The Rainbow * 30m E1 (5b)
l. Rea, M. Rea. 5/10/86.
A good pitch with a short hard crux and excellent protection. Start to the left of Hercules at the extreme left of slab, 3m right of grass ramp. Go up diagonally right to cross Hercules and gain obvious slanting fault/crack trending right. Climb this and finish directly up white grooves.

Warrior * 35m E2 (5c)
P. Clerkin, S. McCoy. 14/9/86.
Start just left of the start of Hercules. Follow the faint pock marks running leftwards (crux) to reach obvious break in the slanting crack of The Rainbow at a prominent thread runner. Climb wall above on good holds to finish by left slanting groove.

Hercules 37m VS (4c)
J. Ferris, P. Wilson. 17/6/59.
Start at the lowest point of the slab. Make a line up and left via mantelshelves to a little notch in a horizontal quartz band (remains of old peg). Continue delicately left on the lowest obvious line crossing heather ledge to finish on dodgy vegetation. Variation Direct Finish HVS (4c/5a) M. Rea, R. Bankhead. 9/9/89. This combination gives a reasonable route. From the little notch climb direct to top finishing up left slanting groove of Warrior.

Touch of Grey 25m HVS (5a)
l. Rea, P. Holmes. 27/6/88.
Start just to the right of Hercules. A thin seam leads to a ledge and then another grassy ledge above. Take the left-hand of two right trending pocketed seams and gain another ledge. Traverse horizontally left on a good foot ledge and finish up The Rainbow.

The triangular slab is bounded on the right by a grassy fault and then a very steep blank clean wall. Two climbs, Great Northern VS and New Northern HS are recorded in the general vicinity of the grassy fault but :hey are so overgrown and unpopular as to merit attention for the record Dnly. The thin crack just right of the vegetation has been climbed but apart from this the steep blank wall has no routes. Next right is the prominent seepage line of the winter route Blue Lough Ice-fall. Aphrodite VD has been recorded in the easy-angled area right of the great seepage line but again it is of no merit. The next feature to the right is the long clean Waterspout Wall. The very prominent right-leaning corner/crack at the left end of Waterspout Wall gives Plus Gas.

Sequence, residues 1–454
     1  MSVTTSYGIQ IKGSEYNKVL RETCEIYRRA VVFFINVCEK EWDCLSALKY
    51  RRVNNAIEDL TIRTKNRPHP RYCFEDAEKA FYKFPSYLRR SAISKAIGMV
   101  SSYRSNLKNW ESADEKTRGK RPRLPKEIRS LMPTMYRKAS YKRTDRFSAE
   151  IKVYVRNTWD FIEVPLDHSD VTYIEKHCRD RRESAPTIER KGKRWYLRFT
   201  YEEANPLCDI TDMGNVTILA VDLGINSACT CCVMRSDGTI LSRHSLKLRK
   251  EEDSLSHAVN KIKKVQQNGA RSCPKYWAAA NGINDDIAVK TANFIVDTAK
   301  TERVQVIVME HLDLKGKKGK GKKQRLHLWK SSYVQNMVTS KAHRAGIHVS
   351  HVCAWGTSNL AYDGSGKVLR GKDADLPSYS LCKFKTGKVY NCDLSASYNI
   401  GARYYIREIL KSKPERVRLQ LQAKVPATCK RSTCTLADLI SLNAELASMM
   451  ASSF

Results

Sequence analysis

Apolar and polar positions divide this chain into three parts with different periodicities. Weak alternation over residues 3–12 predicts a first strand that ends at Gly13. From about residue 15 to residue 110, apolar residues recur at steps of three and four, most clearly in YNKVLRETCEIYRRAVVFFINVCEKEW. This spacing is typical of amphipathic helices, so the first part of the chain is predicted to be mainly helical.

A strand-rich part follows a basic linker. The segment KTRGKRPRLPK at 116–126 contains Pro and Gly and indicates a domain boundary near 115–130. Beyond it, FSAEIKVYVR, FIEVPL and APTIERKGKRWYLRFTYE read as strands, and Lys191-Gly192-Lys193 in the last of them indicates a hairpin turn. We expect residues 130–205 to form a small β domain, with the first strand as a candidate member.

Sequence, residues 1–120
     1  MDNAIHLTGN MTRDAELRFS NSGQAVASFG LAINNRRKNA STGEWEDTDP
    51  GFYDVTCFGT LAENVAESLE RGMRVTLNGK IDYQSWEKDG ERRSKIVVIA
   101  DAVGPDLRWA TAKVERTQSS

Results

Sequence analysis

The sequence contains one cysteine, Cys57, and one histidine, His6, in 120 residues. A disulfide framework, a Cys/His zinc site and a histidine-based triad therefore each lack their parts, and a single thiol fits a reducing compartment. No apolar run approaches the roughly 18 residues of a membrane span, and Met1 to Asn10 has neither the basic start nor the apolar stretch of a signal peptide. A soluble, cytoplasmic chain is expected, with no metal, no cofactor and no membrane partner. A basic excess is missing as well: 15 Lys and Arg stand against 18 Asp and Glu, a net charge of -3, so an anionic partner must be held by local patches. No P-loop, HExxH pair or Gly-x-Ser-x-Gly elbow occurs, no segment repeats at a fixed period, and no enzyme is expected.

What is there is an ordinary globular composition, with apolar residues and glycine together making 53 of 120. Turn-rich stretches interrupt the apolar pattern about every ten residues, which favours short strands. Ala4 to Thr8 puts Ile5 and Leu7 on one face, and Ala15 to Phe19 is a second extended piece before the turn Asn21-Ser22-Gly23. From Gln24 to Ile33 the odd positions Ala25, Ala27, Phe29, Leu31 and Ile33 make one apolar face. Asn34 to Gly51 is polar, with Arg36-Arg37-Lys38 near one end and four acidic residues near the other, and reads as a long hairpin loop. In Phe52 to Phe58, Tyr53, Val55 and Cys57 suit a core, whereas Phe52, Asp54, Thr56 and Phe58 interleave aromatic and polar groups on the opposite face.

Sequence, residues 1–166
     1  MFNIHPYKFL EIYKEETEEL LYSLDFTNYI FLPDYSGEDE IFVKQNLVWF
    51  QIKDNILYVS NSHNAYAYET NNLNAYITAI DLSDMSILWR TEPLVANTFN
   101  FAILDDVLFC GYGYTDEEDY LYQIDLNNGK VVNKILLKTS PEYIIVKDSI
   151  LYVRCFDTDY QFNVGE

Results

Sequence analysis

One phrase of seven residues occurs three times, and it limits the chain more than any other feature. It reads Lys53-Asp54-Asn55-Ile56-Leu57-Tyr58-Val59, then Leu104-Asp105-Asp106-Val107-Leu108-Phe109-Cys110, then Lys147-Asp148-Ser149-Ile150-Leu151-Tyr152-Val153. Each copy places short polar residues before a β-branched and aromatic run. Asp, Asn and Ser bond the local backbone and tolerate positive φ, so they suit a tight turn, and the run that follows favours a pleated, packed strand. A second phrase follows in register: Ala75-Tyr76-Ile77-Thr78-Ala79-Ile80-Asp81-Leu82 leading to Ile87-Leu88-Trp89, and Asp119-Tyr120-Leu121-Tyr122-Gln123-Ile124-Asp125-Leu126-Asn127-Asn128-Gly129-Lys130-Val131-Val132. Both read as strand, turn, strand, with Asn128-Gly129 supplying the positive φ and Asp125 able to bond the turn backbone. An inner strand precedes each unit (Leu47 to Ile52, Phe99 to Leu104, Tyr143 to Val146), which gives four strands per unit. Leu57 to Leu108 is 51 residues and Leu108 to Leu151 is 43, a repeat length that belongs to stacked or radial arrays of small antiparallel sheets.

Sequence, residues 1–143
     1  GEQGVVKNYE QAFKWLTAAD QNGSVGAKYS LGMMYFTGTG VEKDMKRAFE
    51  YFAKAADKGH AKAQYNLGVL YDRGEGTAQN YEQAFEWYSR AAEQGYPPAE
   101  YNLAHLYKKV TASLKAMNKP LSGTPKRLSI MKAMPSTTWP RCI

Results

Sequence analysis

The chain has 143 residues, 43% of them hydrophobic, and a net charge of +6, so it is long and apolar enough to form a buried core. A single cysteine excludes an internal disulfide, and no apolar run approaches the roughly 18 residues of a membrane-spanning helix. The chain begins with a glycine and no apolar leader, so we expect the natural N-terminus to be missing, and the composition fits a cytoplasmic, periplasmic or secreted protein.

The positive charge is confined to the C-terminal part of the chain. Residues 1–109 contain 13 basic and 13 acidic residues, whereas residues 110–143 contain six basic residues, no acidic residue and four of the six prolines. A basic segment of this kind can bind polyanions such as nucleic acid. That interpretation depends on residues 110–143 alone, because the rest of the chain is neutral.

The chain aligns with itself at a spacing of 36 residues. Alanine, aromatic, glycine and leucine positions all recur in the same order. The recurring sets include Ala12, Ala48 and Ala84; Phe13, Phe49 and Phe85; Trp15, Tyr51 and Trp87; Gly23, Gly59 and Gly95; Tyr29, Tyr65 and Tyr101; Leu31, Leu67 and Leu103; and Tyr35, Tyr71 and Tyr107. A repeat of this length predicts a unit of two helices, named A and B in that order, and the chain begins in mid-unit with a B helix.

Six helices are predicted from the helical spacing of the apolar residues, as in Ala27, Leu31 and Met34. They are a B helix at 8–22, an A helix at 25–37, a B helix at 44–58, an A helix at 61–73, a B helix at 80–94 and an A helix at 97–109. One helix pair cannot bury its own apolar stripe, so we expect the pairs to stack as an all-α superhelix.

The Fox Cub 30m VS (5a)
K. Quinn, P. Clerkin. l5/88.
Start a few metres left of Plus Gas directly below an obvious wide crack. Climb this strenuously to a ledge on the left and the obvious crack in the wall above.

Plus Gas ** 35m HVS (5a)
R. Cole, M. Mills. 1981.
Interesting climbing and good protection up the right-leaning corner which saves the crux for the top.

Maverick ** 30m E3 (5c)
G. Murray, 8. James. 5/8/95.
Start 10m right of Plus Gas below two parallel seams. Climb the right seam to the black scoop. Traverse left 1.5m and climb the wall to the top groove. Hard moves up the slanting groove lead rightwards to the top.

Right of Maverick the very steep wall is unclimbed but some distance to the right a slight buttress protrudes just 1 m proud of the rest of the wall.

Thunderbolt and Lightfoot * 18m E1 (5b)
S. McIlwaine, B. Galway, B. Stewart. 11/10/86.
A short gymnastic crux. On the wall left of Chuckles is a prominent Y-shaped crack. The route takes the right-hand diagonal crack.

Chuckles 30m S
W. Jenkins and Party. 2/6/68.
Takes the corner that marks the left-hand side of the slight buttress.

Bokies 34m S (3c)
C. Torrans, D. Bruce.
Takes the vegetated corner which marks the right-hand side of the buttress and 8m right of Chuckles.

On the wall to the right of Bokies are a number of quartz veins. The two m the right share a similar start but soon diverge to form independent lines. About 3m left of these is a prominent vein, easy-angled in its lower half then becoming steeper and running almost straight up to the top in its upper section. This gives the following route.

Vertebrae ** 34m E1 (5b)
P. Clerkin and Party. 20/7/86.
A delicate crux which requires confidence but protection is available. Climb easily up the quartz vein to a ledge at half height. Once committed to this upper section, difficulties ease with each move.

Life Line * 32m VS (4b)
P. Clerkin, S. McCoy. 20/7/86.
The left-hand of the two previously mentioned diverging faults.

Diploma 30m VD
C. Torrans and Party. 2/6/68.
A good little route taking the right-hand fault via a small pulpit to the top.

Another route, Can You Help Me HS, has been recorded in the general vicinity of Diploma and going straight to the top of the crag but it is of no merit. Similarly, Pigeon Ring D has been recorded as taking the fault at the left-hand end of the overhanging nose at the extreme right of the crag, but it is rarely if ever done and probably best left to posterity.